By Roger Owen
At this time of fierce divisions within most Arab societies there seems little space for those who try to seek to bring the sides together, especially in those countries wracked by all-out civil war. So it has given me particular pleasure to see the comforting face of Lakhdar Brahimi in the news again, a man who, even at the age of eighty, is still pursuing the path of peace and reconciliation as the joint Arab League and United Nations Special Envoy for Syria, against all the odds and in spite of a seemingly never-ending series of problems, road-blocks, and difficulties.
I first met Lakhdar when he was the Algerian ambassador to the United Kingdom in the 1970s, a post which, unlike most of the other London-based ambassadors, he was using to widen his own experience of British society while acquainting a significant spectrum of its citizens with what was going on in his own. So it was that he came to Oxford University to speak at a seminar I had organized to discuss the legacy of the recently-deceased President Gamal Abdal Nasser, a man he had got to know well during his time as the National Liberation Front’s representative in Cairo. It was a memorable performance, not only in terms of what he had to say but also of the care and precision with which he said it. Rare too among public figures was the consideration he gave to his young audience in terms of his willingness to listen courteously to their questions and to discuss.
Now, over forty years later, Lakhdar Brahimi remains a hugely impressive figure, using his long experience to pursue the almost impossible task of finding a bit of common ground here, a willingness to make a small compromise there. Beginning with the delegations in separate room. Then, too briefly, with everyone together. Step by step. Shepherding the parties along. Always patient. Always with a display of quiet optimism. And quick to remind everyone that going too slowly may, in the end, be better than going too fast.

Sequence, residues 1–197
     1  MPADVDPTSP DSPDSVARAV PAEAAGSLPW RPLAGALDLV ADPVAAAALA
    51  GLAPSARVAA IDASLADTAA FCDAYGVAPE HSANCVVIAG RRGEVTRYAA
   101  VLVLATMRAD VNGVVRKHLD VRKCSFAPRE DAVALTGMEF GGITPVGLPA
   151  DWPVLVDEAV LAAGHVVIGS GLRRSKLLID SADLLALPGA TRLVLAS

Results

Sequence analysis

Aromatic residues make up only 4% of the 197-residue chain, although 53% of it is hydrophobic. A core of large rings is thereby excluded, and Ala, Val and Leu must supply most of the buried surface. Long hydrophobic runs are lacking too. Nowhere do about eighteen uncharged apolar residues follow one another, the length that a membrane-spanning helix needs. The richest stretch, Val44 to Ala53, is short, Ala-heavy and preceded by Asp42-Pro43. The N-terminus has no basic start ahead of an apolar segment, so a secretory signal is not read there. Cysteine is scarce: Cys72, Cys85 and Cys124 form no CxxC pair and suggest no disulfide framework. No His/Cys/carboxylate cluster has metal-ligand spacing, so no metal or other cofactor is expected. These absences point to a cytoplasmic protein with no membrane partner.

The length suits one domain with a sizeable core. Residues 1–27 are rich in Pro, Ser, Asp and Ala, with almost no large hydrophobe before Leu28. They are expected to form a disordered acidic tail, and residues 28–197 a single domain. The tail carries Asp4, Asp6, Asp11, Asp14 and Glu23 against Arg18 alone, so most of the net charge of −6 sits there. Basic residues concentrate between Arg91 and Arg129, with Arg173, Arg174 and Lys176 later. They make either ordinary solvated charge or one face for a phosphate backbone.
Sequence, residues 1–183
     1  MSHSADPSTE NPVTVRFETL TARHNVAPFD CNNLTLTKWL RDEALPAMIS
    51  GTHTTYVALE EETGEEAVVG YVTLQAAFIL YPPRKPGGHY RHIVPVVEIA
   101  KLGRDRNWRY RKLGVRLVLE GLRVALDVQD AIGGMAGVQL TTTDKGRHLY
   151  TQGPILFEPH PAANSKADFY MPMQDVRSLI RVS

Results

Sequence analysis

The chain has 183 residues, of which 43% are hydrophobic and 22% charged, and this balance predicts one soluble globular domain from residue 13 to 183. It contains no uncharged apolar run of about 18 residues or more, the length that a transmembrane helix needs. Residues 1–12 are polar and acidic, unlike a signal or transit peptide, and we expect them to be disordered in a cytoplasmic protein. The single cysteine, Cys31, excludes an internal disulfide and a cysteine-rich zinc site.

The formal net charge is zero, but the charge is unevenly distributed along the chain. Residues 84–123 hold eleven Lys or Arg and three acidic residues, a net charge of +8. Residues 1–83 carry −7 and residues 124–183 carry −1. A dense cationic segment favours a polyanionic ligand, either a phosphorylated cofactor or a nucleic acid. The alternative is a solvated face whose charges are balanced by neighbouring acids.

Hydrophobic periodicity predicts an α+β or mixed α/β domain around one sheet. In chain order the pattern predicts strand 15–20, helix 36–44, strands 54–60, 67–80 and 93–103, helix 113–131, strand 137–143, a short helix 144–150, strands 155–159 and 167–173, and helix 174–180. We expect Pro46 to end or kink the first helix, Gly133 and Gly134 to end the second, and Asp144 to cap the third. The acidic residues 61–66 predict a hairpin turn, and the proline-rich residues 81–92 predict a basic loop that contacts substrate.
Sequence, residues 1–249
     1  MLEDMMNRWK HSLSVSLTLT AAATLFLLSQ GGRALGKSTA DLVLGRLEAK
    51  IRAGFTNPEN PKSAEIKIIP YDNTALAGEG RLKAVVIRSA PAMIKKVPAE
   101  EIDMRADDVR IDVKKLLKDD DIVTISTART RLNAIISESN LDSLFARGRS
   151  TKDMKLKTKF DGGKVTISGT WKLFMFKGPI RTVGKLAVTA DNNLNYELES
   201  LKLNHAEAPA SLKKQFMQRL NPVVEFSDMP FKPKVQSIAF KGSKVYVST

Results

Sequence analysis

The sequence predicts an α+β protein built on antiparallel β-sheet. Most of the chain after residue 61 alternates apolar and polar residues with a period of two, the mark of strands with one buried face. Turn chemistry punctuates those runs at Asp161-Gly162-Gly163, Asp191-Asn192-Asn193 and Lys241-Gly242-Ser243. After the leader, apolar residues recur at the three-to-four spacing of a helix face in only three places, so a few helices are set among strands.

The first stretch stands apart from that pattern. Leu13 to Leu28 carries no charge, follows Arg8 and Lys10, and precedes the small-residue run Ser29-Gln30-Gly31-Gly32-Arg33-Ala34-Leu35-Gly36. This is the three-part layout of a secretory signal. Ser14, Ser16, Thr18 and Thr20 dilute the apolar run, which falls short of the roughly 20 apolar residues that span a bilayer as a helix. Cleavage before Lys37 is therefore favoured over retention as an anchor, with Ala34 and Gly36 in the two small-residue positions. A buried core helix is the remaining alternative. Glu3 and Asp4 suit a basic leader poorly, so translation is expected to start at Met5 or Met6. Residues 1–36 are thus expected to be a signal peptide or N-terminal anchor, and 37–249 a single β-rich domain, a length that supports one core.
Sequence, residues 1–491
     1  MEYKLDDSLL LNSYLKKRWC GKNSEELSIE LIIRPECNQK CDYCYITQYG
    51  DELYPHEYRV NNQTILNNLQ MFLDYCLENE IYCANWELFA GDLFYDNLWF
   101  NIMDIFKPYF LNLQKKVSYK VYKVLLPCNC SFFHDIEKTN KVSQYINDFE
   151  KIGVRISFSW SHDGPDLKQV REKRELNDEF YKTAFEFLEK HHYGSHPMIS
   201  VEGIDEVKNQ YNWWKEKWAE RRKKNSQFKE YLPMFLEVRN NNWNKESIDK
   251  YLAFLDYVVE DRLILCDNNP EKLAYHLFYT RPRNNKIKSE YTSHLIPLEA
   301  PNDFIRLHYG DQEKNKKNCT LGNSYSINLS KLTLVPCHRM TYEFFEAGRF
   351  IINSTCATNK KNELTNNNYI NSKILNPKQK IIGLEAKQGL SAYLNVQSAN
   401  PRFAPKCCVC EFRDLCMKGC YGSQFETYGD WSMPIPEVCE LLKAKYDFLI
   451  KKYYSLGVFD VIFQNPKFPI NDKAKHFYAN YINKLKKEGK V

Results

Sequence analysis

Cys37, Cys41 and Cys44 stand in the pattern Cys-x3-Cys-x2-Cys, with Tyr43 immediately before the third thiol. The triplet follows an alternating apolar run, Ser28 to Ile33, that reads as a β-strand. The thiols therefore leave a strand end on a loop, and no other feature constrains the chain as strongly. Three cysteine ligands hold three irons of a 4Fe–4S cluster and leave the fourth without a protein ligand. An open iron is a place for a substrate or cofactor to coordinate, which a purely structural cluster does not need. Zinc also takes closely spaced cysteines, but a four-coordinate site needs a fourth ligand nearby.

Indeed, I can easily imagine that his words and actions will be taken by future peacemakers to provide both a program and a set of practices to guide them through similar attempts to bring enemies together in equally highly-charged situations elsewhere. Focusing on procedural issues first. Then building on small and tentative measures like aid convoys and prisoner exchanges to create some small momentum, in the hope of establishing some small measure of trust.
Not, of course, that he is the only peacemaker in the field. Nor should we forget the courageous work of those men and women who risk their lives to help others; for example, the brave members of the Syrian Arab Red Crescent Society. And not, of course, that he is bound to succeed. Indeed, as far as I can tell from a distance, the fragile peace process seems to have slid back almost to square one, with Ambassador Brahimi now forced to make further concessions to the Asad government to get it even to participate in a further round of talks later this month.
Yet hope demands that there must be an alternative way forward, not only to end the killing but also to provide the country, its battered population and, most of all, its children some hope of a better future. Consider too what is going on in some of Syria’s neighbors where hope is also in very short supply. There is an Egypt with an ex-President in court but silenced in his glass cage. And with a new, power-hungry, military president, General Sisi, newly elevated to Field Marshall, waiting in the wings. And what of an Iraq haunted by the specter of rampant sectarianism? And a Lebanon teetering on the brink of fresh chaos.
Thank goodness for Tunisia, with the care that went into crafting its new constitution prompted in part by the realization of what happens when extreme positions are taken by those both in government and those outside, with opponents quickly vilified as terrorists or worse. And thank goodness too for Yemen where the establishment of a National Dialogue Conference represents a positive attempt to bring together most of the important political actors behind an agreement of a broad set of principles that will form the basis for a new constitution. True that the Conference was forced to over-run its initial timetable by four months. True too that there is still much that could go wrong, including trouble from the many marginalized groups not yet properly represented in the discussions. Nevertheless, as Winston Churchill once famously observed: “Better Jaw Jaw than War War.”
Not for nothing can the Middle East be considered a “graveyard” for those who have tried to make peace. Sometimes literally as in the case of Count Bernadotte assassinated by the Zionist Stern Gang in Palestine in 1948. And others shot at by one side or the other as they tried to monitor fragile ceasefires or the borders arranged as a result of this or that United Nations–brokered truce agreement. Theirs is a dangerous but absolutely vital task and we should salute them for it.
This article was published in Arabic in Al-Hayat in February 2014.